“No dear … nothing’s wrong.” Angelina patted the sofa. “Your mom and I want to talk to you about something.”

She sat and asked, “Did something happen to Michael?”

Angelina laughed. “No, it’s about you. You complained to your mom about feeling sore near your underarm?”

She hunched forward, her arms holding her chest. In the bath she saw her chest looking like she had hives and her arms hurt. Too embarrassed to talk about her hives, she quickly commented, “Oh, that’s because I fell off my bike last week.”

Angelina smiled, “Don’t be afraid, sweetheart. I’m going to check. The three of us are alone.”

Angelina put her hands delicately over Antoinette’s chest, moving the palms up and down and then around and around on her thin summer T-shirt. She moved her hand to Antoinette’s underarm. “Does it hurt when I push on them?”

“Not that much.”

“Have any of the little girls in your school or your playmates talked about the ‘period?’”

“Well we have a free period on Tuesday to do our special projects. That’s when we’re allowed to go and borrow from the library.”

Angelina smiled. “No dear … not that type of period.”

“Oh Angelina, I can’t. She’s a baby.”

“Carmela, grow up. She’s a baby with boobs.”

Antoinette jumped off the sofa. “I don’t have those.” She pointed to her mother’s abundant breasts.

“They’re called breasts dear.” Angelina smiled pointing to her rather small breasts. “And yours are more like mine. You know, small?”

Carmela finally spoke, “It means you’re becoming a woman.” Tears spilled down her cheeks. “My little baby girl.”

Antoinette and Joey loved puzzles. In her mind she was now connecting the pieces of this puzzle and she didn’t like the picture.

Angelina patted the sofa once again. “Sit down dear and let me tell you about your period.”

Three hours later, Joey found his sister sitting on the fieldstone wall in Sunset Park and called to her, “Waiting for another sunset?”

She turned her face away. “Go away Joey.”

He sat next to her and brushed a wisp of hair off her face. “Mom has sent the Calvary to bring you back.”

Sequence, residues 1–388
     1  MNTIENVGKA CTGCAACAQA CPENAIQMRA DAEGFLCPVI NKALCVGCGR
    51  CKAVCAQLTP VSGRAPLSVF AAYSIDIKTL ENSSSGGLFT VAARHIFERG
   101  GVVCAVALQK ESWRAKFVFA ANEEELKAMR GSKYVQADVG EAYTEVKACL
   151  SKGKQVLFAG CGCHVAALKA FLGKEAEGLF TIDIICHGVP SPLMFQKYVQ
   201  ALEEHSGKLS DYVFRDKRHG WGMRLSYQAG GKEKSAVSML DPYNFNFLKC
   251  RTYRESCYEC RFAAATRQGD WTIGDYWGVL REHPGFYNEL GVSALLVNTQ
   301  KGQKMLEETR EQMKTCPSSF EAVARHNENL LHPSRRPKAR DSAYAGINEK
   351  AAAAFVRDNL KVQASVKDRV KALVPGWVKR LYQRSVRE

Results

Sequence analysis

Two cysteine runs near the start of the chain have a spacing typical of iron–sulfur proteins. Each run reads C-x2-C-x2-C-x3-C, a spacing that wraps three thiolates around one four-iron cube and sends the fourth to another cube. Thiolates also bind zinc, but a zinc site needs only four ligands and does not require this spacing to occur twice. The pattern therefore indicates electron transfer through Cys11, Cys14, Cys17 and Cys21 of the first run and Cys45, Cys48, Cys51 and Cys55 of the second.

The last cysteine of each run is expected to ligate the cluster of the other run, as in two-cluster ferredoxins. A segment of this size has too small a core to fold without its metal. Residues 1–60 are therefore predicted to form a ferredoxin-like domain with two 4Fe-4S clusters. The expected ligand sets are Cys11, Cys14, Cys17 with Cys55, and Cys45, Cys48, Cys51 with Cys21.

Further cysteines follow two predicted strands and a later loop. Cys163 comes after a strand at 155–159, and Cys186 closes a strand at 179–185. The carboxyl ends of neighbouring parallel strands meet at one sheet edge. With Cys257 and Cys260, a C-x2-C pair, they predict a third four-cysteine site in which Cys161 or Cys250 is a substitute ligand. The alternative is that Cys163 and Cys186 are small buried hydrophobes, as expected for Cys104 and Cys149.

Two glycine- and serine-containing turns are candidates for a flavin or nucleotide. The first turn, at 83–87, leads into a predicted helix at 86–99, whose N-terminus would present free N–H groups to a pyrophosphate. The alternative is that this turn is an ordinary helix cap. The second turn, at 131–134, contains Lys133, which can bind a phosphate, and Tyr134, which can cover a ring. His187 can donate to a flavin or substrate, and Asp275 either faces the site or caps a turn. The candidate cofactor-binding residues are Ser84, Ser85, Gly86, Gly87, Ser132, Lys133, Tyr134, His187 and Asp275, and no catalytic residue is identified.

“I said go away.” She pushed his hand aside. “Tell her you didn’t find me.”

“You’re upset because Angelina told you about—”

“Don’t say it.”

He shrugged. “You are kinda young, though it sure explains a lot.”

“It’s rotten.”

She started to get off and he pulled her back. “It’s not something to feel rotten about. A little scared or confused … but not rotten.”

She turned to him. “Then why is mom crying like that?”

“Because she doesn’t want you to grow up. She wants you to stay a baby for a while longer. Like they mentally push on the top of your head, thinking they can stop you from growing.”

She looked down at her chest. “I don’t want to grow there.”

“Here, there … you’ll grow all over. And you’ll be dynamite. Aw …”

She was crying. He pulled his sister to him and held her tight. “Mom didn’t mean to make you upset. It’s not what you think. Something wonderful is going to happen to you and … well … it’s the type of thing that makes mothers cry.”

Joey pulled her off the wall. “Let’s go to Fifth Avenue and get an ice-cream soda. That should cheer you up.”

“Joey, it’s not funny.”

“Oh come on, we’ll talk while we walk to the ice-cream parlor.”

“Angelina thinks it’s wonderful too.”

“Well it is.”

By the afternoon of the next day, Antoinette had forgotten where or if she was growing and remembered it was that time of year. Time to do what she did each summer since she was born … go to the beach at Coney Island.

Facebook Photo

Girls to women … women to girls …

Our little girl will adjust and continue to grow in Sunset Park.

What women do as they continue to grow is incorporate all the changes from without and within and use them to shape their world. Antoinette grows up to do this with her cameras … others do it with a paint brush and then there are those of us who do it with words.

As writers or mothers … as story-tellers or wives … as sisters and daughters … we use those words to carry a new day to others who can’t express what they are feeling.

The major gift of the misunderstood genre of women’s fiction … is women speaking to and for women. Women using their unique perception to tell the stories no one else can tell.

We are the care-takers and the nurturers of our world … and when we can mold and shape who we are into a story to comfort or entertain or to reach out to give a gal a hug … we are fulfilling our destiny.

What change in your life was most significant?

Did it carry you and someone else to a new day?

fOIS In The City

maxine on getting old.04

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The colors of our world …

Where did that come from, you say?

I left a note last week that I’d be doing another sad tale. Oh, but the sun is out and spring is in the air. It makes me want to dance, to fly, to throw my hands up and shout … Hallelujah !

Doing the backstroke in the pool today , my eyes went skyward seeing a pallet of fluffy white set against a canvas of azure blue … lit by a huge yellow ball and warmed with bright green prongs swaying in a warm breeze.

Colors describe our universe. They are the white heat of anger … the red flash of passion … a pink blush of shy … the green-eyed monster of envy.

Thus … this candy-coated-color detour to City Scapes.

The colors of my world …